Yes, it’s really cool when you can do one or two hoopings and take your project out and it’s done as soon as you turn it right side out but that may not result in the best finish, especially if you’re not using an appropriate thread for construction.
The In-the-Hoop Sewing Organizer, shown below, is done in two hoopings. The version on the left is a full ITH project, meaning once it’s removed from the hoop and turned right side out, it’s done. The one on the left was enhanced with a bound edges, button, and button loop that were done at the sewing machine.
This project offers the embroiderer two ways to complete the project by stopping the embroidery earlier and finishing it with more of a designer touch.
For these snappy cases, I’ve taken advantage of the precision I can get with machine embroidery for embellishing the outer panels and used the sewing machine for the final assembly where I could use construction thread with more balanced tensions.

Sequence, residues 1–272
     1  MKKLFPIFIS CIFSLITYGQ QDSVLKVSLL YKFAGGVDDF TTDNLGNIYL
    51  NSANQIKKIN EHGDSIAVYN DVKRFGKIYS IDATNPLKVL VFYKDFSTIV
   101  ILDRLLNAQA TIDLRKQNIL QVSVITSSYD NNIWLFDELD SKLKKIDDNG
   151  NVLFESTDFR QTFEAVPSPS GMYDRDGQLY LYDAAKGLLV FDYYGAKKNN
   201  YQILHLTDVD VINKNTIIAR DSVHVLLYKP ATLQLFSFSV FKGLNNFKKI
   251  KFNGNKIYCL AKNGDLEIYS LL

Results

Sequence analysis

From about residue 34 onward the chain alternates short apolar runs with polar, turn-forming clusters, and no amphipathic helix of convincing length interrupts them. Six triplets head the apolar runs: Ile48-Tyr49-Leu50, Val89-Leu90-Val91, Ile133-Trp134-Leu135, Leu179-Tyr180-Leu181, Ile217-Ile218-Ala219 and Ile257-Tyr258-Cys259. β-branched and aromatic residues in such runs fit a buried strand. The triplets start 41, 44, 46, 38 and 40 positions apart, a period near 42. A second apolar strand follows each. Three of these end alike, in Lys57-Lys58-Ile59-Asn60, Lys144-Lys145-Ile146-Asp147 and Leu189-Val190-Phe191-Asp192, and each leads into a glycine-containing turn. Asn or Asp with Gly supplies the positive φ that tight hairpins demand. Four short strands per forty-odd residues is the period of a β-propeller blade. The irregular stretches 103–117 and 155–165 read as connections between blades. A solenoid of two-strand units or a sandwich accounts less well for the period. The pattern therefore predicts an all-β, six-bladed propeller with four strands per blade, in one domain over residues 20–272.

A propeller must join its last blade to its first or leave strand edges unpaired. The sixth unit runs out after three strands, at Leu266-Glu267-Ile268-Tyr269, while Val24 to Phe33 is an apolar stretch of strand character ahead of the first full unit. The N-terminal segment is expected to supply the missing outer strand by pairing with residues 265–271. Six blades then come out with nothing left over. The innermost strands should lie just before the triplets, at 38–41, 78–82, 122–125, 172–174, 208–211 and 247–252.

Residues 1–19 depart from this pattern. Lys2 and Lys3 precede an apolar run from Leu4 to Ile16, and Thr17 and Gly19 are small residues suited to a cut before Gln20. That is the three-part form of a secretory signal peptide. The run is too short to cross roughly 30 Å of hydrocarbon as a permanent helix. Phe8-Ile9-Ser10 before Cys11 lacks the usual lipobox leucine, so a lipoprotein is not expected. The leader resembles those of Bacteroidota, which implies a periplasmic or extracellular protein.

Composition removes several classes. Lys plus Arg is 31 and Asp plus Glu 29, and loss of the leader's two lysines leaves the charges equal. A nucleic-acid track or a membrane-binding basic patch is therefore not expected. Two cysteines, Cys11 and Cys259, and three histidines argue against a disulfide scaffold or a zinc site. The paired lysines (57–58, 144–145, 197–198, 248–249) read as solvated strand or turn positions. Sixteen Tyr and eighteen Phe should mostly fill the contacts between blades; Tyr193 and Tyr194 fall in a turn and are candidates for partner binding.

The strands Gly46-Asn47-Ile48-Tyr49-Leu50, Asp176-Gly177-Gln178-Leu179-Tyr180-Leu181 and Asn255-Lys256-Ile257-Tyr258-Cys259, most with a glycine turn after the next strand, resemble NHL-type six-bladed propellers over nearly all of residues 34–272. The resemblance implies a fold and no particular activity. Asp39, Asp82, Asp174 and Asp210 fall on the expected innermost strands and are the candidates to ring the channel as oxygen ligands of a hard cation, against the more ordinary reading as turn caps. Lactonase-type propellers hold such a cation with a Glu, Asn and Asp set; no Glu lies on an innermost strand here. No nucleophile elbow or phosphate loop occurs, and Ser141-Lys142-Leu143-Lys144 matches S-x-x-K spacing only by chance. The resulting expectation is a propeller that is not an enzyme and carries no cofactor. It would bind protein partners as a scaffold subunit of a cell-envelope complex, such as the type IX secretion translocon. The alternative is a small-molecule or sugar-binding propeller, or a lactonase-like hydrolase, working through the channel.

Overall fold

It takes careful sewing to get a perfectly pieced narrow band or perfectly curved and spaced quilting; the latter of which I’m especially not that good at. It’s a piece of cake with an embroidery design!
On the other hand, lining up two finished pieces for attaching while matching seams and other landmarks for stitching in the hoop can be a real bear. Why not take advantage of the best features of each method of construction for a better, more professional finish?
About This Project
This version of the bag features a much bigger opening than my first projects in the Snappy Glasses Case, and that alone makes the bag way easier to turn. Turning the glasses case right side out was the hardest part of that project!
Had I been willing to have exposed seams on the inside or done the casing manually, it would have been easier. That project started out as just something I wanted for myself but once people saw it, well, that was that.